Antibiotics with anticancer potential
February 26, 2015 | Leigh MacMillan
The type II topoisomerases – enzymes that manage tangles and supercoils in DNA – exist in all organisms and are important drug targets. Widely prescribed anticancer agents including etoposide and doxorubicin target human type II topoisomerases, and quinolone antibiotics such as ciprofloxacin target bacterial topoisomerases.
Clinically relevant quinolones have no activity against human type II topoisomerases, but a series of experimental quinolones have high activity against both bacterial and human topoisomerases. To understand the basis for this quinolone cross-reactivity, Neil Osheroff, Ph.D., and colleagues analyzed the activity of one of the experimental compounds (CP-115,955) and a series of related quinolones and quinazolinediones against type II topoisomerases from Bacillus anthracis and humans.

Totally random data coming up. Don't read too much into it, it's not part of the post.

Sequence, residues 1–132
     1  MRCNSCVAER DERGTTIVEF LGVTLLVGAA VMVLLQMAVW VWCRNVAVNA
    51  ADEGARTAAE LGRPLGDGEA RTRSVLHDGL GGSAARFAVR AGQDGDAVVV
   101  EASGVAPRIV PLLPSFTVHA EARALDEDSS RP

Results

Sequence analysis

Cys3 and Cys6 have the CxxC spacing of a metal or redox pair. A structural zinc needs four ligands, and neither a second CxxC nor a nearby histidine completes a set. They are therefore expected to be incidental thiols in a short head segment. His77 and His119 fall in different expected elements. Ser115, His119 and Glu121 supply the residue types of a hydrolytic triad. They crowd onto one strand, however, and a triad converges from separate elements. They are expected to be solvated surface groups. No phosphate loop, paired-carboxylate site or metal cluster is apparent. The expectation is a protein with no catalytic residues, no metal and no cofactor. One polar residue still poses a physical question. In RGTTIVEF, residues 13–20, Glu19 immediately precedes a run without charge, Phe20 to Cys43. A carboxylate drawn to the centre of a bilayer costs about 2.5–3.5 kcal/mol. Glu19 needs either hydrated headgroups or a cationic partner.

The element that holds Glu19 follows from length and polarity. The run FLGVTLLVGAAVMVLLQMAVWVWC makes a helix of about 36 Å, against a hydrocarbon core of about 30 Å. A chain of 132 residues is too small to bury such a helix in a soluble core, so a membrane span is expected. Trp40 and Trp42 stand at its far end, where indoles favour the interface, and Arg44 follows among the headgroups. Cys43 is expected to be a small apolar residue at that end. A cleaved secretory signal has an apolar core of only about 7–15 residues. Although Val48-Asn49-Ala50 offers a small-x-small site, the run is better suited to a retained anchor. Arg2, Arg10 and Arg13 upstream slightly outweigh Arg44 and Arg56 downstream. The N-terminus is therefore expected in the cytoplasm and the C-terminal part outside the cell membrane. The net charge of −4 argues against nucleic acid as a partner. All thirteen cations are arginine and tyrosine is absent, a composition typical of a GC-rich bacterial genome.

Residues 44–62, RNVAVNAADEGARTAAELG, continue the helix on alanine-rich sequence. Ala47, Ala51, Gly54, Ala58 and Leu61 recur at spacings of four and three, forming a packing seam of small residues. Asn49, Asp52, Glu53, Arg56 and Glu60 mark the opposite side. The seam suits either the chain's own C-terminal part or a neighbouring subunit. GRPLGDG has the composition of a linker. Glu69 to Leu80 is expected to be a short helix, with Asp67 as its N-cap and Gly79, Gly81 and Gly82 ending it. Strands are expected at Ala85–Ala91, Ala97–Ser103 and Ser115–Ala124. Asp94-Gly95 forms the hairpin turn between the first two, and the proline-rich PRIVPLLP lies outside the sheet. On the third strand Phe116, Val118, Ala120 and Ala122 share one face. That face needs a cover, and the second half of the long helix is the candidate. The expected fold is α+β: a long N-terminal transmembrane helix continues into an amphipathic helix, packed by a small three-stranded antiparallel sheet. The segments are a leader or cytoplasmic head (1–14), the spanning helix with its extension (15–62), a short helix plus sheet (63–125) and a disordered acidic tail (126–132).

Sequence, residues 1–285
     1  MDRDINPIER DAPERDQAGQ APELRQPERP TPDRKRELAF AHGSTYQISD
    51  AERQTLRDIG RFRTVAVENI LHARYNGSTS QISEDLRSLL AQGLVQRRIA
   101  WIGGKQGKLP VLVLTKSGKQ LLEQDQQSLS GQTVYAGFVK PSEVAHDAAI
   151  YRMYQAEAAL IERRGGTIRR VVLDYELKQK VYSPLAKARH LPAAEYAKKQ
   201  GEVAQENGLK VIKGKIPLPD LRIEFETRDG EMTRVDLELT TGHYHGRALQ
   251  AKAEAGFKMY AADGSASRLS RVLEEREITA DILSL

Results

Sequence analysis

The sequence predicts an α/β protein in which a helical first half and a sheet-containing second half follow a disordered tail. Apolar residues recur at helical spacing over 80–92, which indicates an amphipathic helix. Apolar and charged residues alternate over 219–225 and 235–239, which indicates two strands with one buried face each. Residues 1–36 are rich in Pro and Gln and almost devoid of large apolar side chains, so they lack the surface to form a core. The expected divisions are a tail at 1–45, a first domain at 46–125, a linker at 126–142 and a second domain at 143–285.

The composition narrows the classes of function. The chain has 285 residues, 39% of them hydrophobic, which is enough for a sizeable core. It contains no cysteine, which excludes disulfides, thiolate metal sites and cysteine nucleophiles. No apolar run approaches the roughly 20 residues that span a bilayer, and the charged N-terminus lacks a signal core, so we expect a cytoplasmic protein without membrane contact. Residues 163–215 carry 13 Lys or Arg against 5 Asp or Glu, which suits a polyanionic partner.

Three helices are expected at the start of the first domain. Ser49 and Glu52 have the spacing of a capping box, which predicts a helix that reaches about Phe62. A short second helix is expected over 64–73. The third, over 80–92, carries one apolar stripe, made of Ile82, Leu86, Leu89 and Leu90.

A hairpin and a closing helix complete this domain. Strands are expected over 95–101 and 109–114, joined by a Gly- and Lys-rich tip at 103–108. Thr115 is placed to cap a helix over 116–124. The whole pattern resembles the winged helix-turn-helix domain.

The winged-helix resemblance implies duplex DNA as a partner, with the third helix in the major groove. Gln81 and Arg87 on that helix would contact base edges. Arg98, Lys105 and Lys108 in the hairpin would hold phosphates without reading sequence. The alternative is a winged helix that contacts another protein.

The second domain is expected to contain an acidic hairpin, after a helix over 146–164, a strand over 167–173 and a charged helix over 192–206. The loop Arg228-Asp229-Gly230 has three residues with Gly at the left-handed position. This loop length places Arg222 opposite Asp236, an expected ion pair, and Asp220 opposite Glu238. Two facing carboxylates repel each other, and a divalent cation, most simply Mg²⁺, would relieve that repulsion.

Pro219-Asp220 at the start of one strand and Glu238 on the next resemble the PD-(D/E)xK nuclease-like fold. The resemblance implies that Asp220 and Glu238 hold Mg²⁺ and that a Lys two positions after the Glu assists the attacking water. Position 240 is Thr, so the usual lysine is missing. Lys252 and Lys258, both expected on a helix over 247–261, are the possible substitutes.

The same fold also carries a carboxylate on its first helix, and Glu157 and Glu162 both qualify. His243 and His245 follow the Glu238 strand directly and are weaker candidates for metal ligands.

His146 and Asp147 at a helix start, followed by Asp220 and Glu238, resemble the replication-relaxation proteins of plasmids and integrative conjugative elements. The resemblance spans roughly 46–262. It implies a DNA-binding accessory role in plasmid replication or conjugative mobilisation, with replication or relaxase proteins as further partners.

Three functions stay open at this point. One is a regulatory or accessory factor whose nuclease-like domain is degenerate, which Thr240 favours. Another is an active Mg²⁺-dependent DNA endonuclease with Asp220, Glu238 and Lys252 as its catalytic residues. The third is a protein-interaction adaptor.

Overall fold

They found that CP-115,955 uses different structural features, which they defined, to recognize both bacterial and human enzymes. The findings, reported in the Feb. 10 issue of Biochemistry, suggest that the CP-115,955 series quinolones may be a good starting point for developing novel topoisomerase II-targeted drugs with anticancer potential.
This work was supported by grants from the National Institutes of Health (AI081775, AI087671, GM033944) and by a United States Veterans Administration Merit Review Award.